The Seattle Seahawks’ running game became one of the best in the NFL during the second half of 2011 season despite injury, surgical repair and painful rehabilitation.
And that was just to the coach in charge of it – Tom Cable. What happened to the players was even worse.
We may report that assistant head coach Cable is fully recovered from having vertebra fused with various metal devices, and is getting around nicely now as he oversees the offensive line and running game at the team’s rookie minicamp this weekend.
Somehow Cable ended up generating an effective attack with limited down time for his back surgery, even with three high-draft-pick linemen ending up on the injured-reserve list last fall. The projected starting five played together only four times and they missed a combined 26 games to injury.
That was the pain. But the “gain” is on the horizon, because Cable sees almost unheard-of depth along the Seahawks’ front wall after playing time had to be so widely distributed.
Last year, guys were getting yanked up from the depth chart and tossed in as starters. This season is so different that the gathering of rookies and free-agent tryout guys Cable is overseeing this weekend includes a former first-round draft choice – tackle Alex Barron (St. Louis, 2005).
Times have changed. And so has the attitude. Cable has had a great deal to do with that.
At midseason, the Seahawks were next to last in the league in rushing, but in the final nine games, they averaged 135 yards on the ground, which would have put them at No. 6 in the league over the course of the season.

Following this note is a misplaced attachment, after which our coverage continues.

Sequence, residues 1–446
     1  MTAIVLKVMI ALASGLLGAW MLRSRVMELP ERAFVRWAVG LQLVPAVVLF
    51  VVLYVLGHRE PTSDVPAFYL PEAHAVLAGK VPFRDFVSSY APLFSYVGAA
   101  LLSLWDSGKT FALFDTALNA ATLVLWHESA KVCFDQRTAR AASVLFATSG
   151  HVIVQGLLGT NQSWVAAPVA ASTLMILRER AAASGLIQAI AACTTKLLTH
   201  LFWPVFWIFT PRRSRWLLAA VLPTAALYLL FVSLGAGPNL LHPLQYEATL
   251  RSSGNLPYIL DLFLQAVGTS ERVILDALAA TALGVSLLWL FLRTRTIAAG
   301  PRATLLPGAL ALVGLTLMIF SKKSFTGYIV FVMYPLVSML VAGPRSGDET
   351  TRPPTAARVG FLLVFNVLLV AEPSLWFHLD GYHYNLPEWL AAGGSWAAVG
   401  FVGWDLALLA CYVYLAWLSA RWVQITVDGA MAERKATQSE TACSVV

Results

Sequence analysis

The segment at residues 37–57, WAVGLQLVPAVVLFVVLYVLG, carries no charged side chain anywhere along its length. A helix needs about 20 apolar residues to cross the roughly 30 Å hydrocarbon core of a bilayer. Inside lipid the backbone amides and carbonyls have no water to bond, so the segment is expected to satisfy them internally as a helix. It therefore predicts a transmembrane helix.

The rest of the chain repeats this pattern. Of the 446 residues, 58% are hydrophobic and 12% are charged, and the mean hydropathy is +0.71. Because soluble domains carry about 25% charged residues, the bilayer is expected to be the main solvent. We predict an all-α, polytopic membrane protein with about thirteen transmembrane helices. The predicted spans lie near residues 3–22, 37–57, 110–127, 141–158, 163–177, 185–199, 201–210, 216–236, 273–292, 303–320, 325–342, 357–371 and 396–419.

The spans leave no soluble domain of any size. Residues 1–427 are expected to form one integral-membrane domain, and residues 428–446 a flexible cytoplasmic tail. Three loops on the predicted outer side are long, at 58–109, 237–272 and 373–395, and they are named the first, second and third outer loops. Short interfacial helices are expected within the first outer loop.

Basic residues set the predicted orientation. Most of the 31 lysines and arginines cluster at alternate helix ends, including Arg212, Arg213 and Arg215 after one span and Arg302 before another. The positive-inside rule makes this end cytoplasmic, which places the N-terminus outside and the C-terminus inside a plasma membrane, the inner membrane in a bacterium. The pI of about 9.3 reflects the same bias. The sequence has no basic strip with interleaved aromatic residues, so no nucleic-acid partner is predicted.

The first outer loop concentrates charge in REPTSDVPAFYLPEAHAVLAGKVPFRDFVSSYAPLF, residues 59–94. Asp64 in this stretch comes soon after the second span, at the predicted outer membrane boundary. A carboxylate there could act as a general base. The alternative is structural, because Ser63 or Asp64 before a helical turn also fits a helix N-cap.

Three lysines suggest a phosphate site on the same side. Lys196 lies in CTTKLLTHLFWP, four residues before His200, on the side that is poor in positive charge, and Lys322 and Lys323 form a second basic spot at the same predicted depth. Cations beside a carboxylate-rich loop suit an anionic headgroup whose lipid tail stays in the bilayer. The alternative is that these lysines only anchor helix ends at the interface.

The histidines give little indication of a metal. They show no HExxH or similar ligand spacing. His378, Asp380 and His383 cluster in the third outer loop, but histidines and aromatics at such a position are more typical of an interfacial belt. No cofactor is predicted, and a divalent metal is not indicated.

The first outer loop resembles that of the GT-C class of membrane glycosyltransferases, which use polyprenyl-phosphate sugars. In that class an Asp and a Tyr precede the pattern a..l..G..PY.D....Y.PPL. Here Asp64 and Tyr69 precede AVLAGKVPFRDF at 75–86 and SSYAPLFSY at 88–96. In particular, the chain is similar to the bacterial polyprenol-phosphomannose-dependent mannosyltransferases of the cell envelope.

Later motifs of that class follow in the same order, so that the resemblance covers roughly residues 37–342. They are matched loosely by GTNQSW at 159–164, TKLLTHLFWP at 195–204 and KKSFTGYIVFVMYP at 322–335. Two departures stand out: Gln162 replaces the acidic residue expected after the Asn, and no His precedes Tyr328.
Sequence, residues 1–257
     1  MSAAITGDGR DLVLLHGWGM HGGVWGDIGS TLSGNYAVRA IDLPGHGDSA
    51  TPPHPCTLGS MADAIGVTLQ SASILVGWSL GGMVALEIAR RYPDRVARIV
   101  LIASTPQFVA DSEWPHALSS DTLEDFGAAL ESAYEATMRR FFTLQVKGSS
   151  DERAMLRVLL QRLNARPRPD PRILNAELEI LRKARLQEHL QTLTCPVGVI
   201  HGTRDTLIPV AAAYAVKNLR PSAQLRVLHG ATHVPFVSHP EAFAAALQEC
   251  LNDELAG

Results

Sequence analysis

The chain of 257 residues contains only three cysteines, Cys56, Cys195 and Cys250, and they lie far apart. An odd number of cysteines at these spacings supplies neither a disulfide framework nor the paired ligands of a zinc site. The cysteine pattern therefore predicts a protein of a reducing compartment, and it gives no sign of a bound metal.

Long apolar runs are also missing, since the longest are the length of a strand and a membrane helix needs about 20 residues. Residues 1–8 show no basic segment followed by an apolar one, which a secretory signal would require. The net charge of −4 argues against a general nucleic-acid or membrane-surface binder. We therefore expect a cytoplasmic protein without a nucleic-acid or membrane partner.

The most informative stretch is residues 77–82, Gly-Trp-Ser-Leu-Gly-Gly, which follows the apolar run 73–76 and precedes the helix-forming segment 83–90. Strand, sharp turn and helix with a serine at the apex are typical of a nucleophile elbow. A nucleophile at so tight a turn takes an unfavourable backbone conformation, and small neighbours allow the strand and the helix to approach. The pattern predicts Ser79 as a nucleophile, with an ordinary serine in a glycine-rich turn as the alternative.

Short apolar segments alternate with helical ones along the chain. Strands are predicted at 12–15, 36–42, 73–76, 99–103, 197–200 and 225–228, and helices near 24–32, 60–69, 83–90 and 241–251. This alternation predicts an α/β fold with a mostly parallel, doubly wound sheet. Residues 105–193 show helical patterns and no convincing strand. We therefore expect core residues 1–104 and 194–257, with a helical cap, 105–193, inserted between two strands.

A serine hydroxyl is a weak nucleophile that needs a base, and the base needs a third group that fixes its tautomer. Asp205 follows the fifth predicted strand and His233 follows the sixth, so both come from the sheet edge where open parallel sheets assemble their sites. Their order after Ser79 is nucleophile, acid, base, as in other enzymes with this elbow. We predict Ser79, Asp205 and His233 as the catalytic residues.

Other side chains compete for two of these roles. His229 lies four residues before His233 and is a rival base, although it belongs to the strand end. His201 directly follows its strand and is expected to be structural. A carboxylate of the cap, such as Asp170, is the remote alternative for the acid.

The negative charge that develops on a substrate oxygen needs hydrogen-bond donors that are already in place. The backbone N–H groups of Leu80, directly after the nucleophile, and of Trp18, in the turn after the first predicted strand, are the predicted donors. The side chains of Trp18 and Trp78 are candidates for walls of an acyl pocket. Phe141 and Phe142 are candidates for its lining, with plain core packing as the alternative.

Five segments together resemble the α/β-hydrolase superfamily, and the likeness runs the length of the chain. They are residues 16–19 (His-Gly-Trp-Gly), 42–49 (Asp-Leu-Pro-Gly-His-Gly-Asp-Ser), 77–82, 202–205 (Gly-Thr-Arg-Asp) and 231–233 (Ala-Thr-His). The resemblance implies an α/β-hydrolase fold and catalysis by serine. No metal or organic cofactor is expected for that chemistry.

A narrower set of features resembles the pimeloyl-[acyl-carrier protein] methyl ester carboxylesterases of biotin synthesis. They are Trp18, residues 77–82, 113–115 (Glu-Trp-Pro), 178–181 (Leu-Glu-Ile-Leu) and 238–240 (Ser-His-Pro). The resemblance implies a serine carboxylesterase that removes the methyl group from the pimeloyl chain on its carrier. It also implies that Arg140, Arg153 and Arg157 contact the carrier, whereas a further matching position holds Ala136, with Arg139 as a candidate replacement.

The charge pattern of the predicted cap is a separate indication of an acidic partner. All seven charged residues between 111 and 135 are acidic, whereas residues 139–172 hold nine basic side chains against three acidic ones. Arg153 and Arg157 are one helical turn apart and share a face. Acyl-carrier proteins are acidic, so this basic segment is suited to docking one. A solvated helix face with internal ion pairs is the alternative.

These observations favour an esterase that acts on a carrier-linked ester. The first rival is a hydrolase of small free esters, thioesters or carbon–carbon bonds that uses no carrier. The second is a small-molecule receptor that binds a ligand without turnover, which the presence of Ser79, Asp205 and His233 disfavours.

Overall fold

For the first time in years, with Marshawn Lynch running behind an aggressive line, the Seahawks were able to run over opponents.
Scheme? No, commitment and attitude.
“Where we want to go is being a physical football team that throws the ball on you to score points but runs the ball to beat you,” Cable said. “There are some teams in the league who are exceptional throwing the football. But to be a truly tough-minded football team, you have to run it. You can’t just talk about it, you have to do it.”
Tackle James Carpenter, a first-round pick, and fellow rookie guard John Moffitt both went down with knee injuries in mid-November, and tackle Russell Okung, a first-round pick in 2010, was lost with a torn pectoral in early December.
But Cable said he saw enough in those guys before the injuries “… that all of a sudden you start saying, ‘Wow, that’s why we got them.’ ”
Breno Giacomini jumped in at right tackle, and Paul McQuistan and Lemuel Jeanpierre plugged in just about everywhere else as the running game continued to build to critical mass.
“There was a ton of pride in those guys being able to do (what they did),” Cable said of the fill-ins. “But I’d rather not go through that again.”
The benefit, though, is that “we know we have a group, top to bottom, where your eighth or ninth guy can go in and win for you,” Cable said. “So our depth got taken to a new level.”
Free agency further deepened it when the Seahawks added veterans Deuce Lutui (72 NFL starts) and Frank Omiyale (32 starts). They are giving Barron (75 starts) a look, too.
Okung and Moffitt, who are making expected progress in their rehabs, have been taking snaps in workouts, Cable said. Carpenter “has made so much progress in the last month” but is expected to need more time than the other two to make it back to full strength.
But the team’s evolution late last fall has created a new identity, and elevated expectations for the group that will gather in July for the start of training camp. From Day One, this will be a jackhammer back operating behind a group of maulers.
“(The running game) didn’t just click for one group (the offensive line),” Cable said. “It clicked for Marshawn learning the discipline it takes to run in this system; it clicked for the quarterback getting us in the right play, and it clicked for the receivers understanding that we’re not just asking you to block, we’re insisting you block.
“All of a sudden, it was like the light goes on and, bang, it showed.”
Yes, bang … that’s a good sound effect for what the offense turned into last season.
“That’s what we’re doing; that’s what we want to do, be tough and win the NFC West again,” Cable said. “That’s the goal.”email@example.com 253-597-8440